You probably wouldn’t expect to find touches of Italy at a Woodland bowling alley. But there are plenty at the San Bruno Bowling Center, named after the hometown of owners Salvatore and Stella Muzzi, who met in high school in Serra San Bruno (located between the Jonic and Tyrrhenian coasts of Calabria) more than 60 years ago.
They’ve owned the facility on West Main Street, formerly known as Woodhaven Lanes, for 22 years. Though large American flags adorn both main walls overlooking the 24-lane bowling area, there are also the red, white and green colors of the Italian flag on poles, floors and other locations around the building, honoring the Muzzis’ home country.
“There’s a lot of returning bowlers, and lots of new ones, and I feel that with the indoor arcade, and bar-restaurant, we’re drawing back families again.”Tess Trent, manager, San Bruno Bowling Center
The facility has gone through some tough stretches over the years. It was up for sale a few years ago — though the Muzzis ultimately decided to keep the property — and was closed for a year due to COVID-19 restrictions before reopening in April 2021. But the center has returned, says Tess Trent, San Bruno’s manager for over three years.
“We’re coming back with a vengeance,” Trent says, noting the return of its popular Tuesday, Wednesday and Friday bowling league nights. The center is open for bowlers six days a week, closed only Mondays. “There’s a lot of returning bowlers, and lots of new ones, and I feel that with the indoor arcade, and bar-restaurant, we’re drawing back families again.”
After serving in the Italian Army, Salvatore Muzzi came to the United States with several family members via Canada in the 1970s. He eventually moved to Mountain View and then to Yolo County with Stella and their twin sons, Bruno and Salvatore Jr.. The family eventually purchased almond orchards in Dunnigan in Yolo County and Arbuckle in Colusa County, and they also have a small grape vineyard in Dunnigan.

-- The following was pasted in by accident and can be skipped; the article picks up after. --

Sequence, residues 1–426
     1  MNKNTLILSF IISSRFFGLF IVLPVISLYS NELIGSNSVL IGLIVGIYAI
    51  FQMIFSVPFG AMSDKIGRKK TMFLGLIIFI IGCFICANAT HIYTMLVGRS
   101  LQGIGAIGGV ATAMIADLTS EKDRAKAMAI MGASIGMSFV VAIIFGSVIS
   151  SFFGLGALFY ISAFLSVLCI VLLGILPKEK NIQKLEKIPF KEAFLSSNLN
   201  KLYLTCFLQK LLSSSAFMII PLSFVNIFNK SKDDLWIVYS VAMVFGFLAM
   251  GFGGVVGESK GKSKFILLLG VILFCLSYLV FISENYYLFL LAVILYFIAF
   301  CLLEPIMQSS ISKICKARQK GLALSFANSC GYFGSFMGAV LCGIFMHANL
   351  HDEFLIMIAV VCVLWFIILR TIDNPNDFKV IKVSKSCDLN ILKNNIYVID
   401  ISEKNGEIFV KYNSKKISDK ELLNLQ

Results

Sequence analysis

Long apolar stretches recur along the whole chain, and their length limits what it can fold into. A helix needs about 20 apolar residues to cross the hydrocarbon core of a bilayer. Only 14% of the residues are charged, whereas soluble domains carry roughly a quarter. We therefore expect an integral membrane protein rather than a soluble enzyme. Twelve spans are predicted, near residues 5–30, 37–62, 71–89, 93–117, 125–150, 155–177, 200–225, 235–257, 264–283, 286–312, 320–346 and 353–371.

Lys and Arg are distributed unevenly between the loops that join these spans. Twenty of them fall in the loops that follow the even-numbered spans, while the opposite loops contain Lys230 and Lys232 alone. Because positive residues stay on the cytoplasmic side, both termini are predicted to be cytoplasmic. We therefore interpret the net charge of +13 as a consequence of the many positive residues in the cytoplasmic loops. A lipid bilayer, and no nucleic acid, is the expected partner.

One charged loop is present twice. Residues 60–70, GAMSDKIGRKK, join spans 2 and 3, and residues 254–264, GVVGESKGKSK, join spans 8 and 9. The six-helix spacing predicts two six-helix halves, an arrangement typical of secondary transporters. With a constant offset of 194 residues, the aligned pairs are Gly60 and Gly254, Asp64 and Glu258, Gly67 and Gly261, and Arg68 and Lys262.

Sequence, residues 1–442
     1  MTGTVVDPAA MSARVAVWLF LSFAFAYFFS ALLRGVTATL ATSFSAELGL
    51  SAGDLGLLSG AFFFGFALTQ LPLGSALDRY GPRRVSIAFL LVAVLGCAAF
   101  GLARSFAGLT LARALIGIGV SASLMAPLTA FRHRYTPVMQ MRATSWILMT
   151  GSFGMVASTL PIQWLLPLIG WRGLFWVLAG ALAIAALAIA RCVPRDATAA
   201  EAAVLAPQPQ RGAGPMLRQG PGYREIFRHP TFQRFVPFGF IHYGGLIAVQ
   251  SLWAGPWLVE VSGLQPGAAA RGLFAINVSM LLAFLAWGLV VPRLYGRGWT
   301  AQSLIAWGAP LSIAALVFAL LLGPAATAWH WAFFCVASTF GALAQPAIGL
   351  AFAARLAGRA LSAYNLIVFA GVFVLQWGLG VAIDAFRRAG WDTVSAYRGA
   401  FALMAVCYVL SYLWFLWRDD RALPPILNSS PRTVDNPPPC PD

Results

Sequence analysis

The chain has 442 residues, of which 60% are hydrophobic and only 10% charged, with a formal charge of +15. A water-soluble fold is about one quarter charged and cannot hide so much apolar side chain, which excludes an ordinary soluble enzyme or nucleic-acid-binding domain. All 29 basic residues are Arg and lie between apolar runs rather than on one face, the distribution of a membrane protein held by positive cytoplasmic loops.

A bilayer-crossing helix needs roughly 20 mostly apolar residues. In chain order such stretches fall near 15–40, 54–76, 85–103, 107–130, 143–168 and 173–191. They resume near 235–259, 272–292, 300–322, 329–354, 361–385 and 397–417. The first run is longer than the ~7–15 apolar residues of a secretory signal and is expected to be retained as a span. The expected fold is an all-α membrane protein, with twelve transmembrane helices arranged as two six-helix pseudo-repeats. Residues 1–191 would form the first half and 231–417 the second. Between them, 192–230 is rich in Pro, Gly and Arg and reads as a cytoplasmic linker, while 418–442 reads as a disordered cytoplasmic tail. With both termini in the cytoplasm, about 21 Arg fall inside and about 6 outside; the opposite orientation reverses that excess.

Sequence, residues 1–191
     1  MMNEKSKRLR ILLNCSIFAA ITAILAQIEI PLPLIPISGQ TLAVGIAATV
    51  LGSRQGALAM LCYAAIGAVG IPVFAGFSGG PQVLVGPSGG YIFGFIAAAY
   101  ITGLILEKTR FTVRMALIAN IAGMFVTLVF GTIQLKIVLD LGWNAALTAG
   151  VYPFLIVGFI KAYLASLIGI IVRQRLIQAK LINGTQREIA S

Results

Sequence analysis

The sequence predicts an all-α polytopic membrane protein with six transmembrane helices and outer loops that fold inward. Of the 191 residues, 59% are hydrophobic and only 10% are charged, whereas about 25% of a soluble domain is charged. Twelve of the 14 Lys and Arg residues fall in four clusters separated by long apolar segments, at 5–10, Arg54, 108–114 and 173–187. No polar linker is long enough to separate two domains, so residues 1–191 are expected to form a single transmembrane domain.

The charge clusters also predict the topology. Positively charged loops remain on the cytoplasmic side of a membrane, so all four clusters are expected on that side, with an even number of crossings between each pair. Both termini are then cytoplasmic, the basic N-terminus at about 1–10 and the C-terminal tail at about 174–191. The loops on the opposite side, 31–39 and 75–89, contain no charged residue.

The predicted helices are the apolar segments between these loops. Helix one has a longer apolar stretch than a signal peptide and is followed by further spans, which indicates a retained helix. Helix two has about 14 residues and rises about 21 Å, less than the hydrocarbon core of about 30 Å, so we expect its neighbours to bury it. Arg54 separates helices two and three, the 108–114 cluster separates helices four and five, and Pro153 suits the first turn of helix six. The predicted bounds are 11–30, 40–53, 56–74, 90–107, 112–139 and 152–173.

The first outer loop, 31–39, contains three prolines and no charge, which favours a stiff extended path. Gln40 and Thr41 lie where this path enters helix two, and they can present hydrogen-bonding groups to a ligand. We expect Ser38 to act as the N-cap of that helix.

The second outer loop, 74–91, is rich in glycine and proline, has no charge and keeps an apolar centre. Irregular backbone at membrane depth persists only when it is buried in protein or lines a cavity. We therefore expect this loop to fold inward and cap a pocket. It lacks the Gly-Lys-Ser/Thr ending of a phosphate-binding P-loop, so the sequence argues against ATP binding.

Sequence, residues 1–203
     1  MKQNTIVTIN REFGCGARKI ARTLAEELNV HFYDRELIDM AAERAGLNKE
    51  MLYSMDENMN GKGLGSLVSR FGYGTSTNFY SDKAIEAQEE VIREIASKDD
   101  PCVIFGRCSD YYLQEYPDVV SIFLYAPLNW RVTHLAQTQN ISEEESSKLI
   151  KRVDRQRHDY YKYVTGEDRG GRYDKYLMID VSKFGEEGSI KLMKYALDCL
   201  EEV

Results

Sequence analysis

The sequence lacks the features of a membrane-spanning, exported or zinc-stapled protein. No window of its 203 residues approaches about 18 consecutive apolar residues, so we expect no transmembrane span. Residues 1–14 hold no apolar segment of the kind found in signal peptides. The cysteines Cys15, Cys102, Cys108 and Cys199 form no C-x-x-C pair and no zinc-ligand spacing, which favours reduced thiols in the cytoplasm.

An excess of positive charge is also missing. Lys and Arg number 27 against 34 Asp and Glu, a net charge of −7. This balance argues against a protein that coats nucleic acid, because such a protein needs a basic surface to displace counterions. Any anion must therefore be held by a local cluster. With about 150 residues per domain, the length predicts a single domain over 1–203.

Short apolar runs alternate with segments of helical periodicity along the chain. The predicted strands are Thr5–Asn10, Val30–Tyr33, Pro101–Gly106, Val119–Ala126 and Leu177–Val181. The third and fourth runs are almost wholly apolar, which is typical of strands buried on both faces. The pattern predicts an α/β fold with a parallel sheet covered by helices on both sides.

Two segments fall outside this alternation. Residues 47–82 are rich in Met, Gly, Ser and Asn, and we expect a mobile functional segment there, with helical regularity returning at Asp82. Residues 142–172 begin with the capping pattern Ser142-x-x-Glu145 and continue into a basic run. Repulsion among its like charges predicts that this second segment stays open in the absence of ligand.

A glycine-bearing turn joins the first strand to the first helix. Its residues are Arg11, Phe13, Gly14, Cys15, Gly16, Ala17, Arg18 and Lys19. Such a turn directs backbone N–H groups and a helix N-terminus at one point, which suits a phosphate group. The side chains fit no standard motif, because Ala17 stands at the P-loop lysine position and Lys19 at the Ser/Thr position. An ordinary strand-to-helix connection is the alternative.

“I’ve tried a lot of places,” Muzzi says. “I like the people and the weather. That’s why we stay here.”
In 1999, Muzzi bought the Woodland building from Brunswick AMF as an investment, he says. Brunswick still owned the bowling alley and equipment and rented the facility from Muzzi before financial problems caused Brunswick to leave in 2011, taking the bowling machines and lanes with them.
With the building in general disrepair, Muzzi had a decision to make. He ended up keeping it as a bowling alley, “a family business for families,” he says. It was closed for about two years, and at a cost of about $500,000, Trent says. The 30,000-foot facility reopened in 2014 with a new name, pool tables, an arcade, bar, restaurant and banquet room, 16 new lanes and machines, electronic scoring and other enhancements to the 1940s-era building, Trent says. They’ve since added eight more lanes.
Trent, who started as the center’s accountant before becoming manager, says that Salvatore and Stella Muzzi consider it a “second home.” Trent says they live nearby and will often walk to the bowling center to mingle with other bowlers and guests.
“If there’s a party, Stella might pop in and say, ‘Any cake for me?’” Trent says.
The center has seven employees, including a full-time mechanic, but the restaurant is currently closed while a search for a cook continues, Trent says.
Meanwhile, Woodland’s bowlers seem happy to have a place to roll again.
“I come here a couple of times a week,” says John Newhall of Woodland, during a Wednesday night league game, where he bowled a personal best of 236. “It’s a cool environment, locally owned, and I like that the lanes are new.”
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